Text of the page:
Deeds and Divorce

Two people facing each other with a cat between them as they contemplate their divorce and real estate.

Many home deeds belong to couples. When couples separate, what happens to their deeds? And what can you do to protect your interests if you’re a homeowner who could be headed for divorce? Here, we take a look at a few of the biggest issues.

Dealing With the Mortgage Before Giving Up the House

Divorce is stressful enough. The last thing you need is a deed-related debacle because you left the marital home — and nobody’s paid the mortgage since.

Let’s start right off with the worst-case scenario. If your former home goes into foreclosure and you’re still on the mortgage, the mortgage company does not want to hear about your divorce. If you’re still on the mortgage, the lender wants you to address the responsibility you signed up for, and pay the debt.

Does this really happen? Now and then it does. The court order for a divorce might say who gets the house, but by itself it does not transfer the home or address the mortgage.

Yet transferring ownership to an ex is easily done. At its most basic, a quitclaim deed is all it takes.

The trickier part is getting your name off any debts that are tied to the home. If you give up your interest in the marital home before your name comes off the loans, you will have no access to the asset, yet remain responsible for the debts.

So, to prepare for a property transfer, consult with your divorce lawyer about the right actions to take, in the right order.

Both the lender and your ex might formally agree that your ex can assume your loan. If your loan can be assumed, your ex might be able to continue paying it off under the same terms. If so, the loan will stay in place; your name, though, will come off. In the more common situation, your spouse will need to refinance the home and take out a new mortgage loan alone, or sell the home. The divorce decree might specify a certain amount of time, such as two years, for your ex to refinance and take your name off the mortgage. Avoid signing a quitclaim deed until that happens.

The bottom line? Be sure the lender releases you from the original loan before you sign a deed over. If there is a need for you to sign the deed over to your ex to allow the refinancing or home sale to go forward, consult with your lawyer for advice on how to protect your interests.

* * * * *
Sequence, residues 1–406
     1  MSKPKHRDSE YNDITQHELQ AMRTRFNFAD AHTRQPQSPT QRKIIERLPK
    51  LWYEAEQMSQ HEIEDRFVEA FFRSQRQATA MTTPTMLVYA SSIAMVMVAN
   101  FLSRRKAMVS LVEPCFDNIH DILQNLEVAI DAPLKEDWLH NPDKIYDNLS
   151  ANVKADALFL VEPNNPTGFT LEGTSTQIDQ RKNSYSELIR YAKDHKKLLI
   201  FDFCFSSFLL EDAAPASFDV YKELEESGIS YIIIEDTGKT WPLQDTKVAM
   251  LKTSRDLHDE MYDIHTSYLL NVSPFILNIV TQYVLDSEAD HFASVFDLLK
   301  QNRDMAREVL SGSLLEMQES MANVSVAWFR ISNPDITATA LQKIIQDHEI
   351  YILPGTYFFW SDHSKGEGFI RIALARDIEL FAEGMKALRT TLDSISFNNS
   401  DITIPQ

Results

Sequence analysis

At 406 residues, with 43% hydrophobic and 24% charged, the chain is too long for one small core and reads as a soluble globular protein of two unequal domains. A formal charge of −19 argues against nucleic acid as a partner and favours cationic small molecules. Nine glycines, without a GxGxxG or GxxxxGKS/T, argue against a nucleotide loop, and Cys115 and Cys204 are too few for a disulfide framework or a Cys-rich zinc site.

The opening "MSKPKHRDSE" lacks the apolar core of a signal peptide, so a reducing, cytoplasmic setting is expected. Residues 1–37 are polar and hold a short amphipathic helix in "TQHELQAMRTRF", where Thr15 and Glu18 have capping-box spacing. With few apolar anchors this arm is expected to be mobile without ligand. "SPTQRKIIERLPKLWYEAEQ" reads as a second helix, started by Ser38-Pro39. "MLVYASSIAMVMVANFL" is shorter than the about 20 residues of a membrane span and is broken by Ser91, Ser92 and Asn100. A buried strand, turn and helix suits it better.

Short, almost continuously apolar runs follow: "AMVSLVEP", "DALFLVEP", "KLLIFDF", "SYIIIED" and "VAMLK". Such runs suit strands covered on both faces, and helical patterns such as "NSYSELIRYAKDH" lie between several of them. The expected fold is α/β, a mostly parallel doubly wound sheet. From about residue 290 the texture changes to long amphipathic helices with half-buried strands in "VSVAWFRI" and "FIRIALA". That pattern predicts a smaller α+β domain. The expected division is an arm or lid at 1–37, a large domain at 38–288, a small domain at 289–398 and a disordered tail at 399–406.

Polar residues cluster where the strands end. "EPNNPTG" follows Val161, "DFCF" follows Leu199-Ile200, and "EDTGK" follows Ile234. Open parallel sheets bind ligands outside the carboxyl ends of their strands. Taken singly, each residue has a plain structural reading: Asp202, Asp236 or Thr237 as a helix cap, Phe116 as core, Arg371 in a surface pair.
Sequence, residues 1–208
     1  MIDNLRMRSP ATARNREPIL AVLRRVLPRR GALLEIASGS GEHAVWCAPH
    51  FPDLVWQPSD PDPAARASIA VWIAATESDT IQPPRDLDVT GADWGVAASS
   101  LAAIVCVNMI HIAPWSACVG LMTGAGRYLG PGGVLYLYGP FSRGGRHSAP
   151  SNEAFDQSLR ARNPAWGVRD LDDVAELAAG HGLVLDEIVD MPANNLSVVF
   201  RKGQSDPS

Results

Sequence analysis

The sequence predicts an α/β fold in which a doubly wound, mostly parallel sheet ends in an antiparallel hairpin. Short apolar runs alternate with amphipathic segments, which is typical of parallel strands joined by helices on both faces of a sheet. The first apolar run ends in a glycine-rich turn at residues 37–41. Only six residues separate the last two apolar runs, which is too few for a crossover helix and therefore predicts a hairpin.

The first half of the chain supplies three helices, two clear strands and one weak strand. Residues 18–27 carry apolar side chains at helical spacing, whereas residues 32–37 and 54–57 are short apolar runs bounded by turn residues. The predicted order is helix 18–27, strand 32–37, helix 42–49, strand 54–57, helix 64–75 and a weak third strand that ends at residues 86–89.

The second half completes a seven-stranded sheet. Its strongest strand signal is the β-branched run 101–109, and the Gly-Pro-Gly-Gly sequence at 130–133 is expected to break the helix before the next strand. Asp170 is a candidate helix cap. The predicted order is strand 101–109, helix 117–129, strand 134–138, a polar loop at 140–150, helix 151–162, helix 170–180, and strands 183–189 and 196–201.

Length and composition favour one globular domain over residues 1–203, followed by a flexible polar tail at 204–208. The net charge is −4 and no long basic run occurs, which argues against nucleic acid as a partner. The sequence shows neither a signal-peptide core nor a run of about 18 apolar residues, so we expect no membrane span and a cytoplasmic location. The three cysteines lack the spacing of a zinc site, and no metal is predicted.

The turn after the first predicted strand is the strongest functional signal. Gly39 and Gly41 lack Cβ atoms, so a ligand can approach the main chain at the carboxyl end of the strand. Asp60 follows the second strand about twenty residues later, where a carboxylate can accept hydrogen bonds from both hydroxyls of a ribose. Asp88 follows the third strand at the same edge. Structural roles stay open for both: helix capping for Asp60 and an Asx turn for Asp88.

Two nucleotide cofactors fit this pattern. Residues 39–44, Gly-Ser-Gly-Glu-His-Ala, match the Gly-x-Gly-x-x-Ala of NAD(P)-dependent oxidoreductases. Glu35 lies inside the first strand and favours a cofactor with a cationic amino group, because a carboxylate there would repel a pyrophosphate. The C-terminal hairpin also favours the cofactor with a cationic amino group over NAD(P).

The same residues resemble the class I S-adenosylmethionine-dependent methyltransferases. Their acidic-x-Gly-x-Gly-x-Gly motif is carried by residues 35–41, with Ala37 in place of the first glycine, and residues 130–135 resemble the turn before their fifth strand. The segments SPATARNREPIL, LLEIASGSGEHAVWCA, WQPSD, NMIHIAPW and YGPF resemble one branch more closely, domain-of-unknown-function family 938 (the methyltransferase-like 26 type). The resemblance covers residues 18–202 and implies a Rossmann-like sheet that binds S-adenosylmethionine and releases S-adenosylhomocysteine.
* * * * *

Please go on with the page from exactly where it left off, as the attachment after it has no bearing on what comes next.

Actions to Take if You Have Already Signed Over Your Deed

If you have already transferred your interest in a home without ending your mortgage responsibility, again, the thing to do is consult with a lawyer. The lender just wants the payments, and has no interest in the payer’s divorce status. If your ex is making the monthly payments, you might even be benefiting from a subtle credit score lift. But the day your ex stops paying is the day your credit is at serious risk. One day you might find out there’s a collection agency on your case, looking for repayment.

You might ask why you’d need a lawyer for this situation. Shouldn’t the bank just release you from the mortgage? That would be nice, but the bank probably won’t, unless:

  • You can get a court order directing the mortgage lender to release you.
  • Your loan agreement expressly requires the lender to let you off the mortgage if there is a deed change. This could possibly occur in an owner-financed loan.

If the home is already in foreclosure, call the lender as soon as possible to work out an agreement that will satisfy the loan. Will it do any good to sue your ex? It all depends. Your lawyer can examine the documents and case-specific facts to advise you.

Enforcing the Divorce Decree: When Your Ex Refuses to Sign the Quitclaim